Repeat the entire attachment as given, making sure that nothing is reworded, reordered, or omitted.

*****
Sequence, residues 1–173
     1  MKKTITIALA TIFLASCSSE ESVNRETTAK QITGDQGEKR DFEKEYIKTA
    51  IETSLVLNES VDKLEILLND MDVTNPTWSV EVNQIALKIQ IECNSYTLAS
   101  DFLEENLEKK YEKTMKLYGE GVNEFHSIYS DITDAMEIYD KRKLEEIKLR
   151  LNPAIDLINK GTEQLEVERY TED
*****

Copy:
Sequence, residues 1–173
     1  MKKTITIALA TIFLASCSSE ESVNRETTAK QITGDQGEKR DFEKEYIKTA
    51  IETSLVLNES VDKLEILLND MDVTNPTWSV EVNQIALKIQ IECNSYTLAS
   101  DFLEENLEKK YEKTMKLYGE GVNEFHSIYS DITDAMEIYD KRKLEEIKLR
   151  LNPAIDLINK GTEQLEVERY TED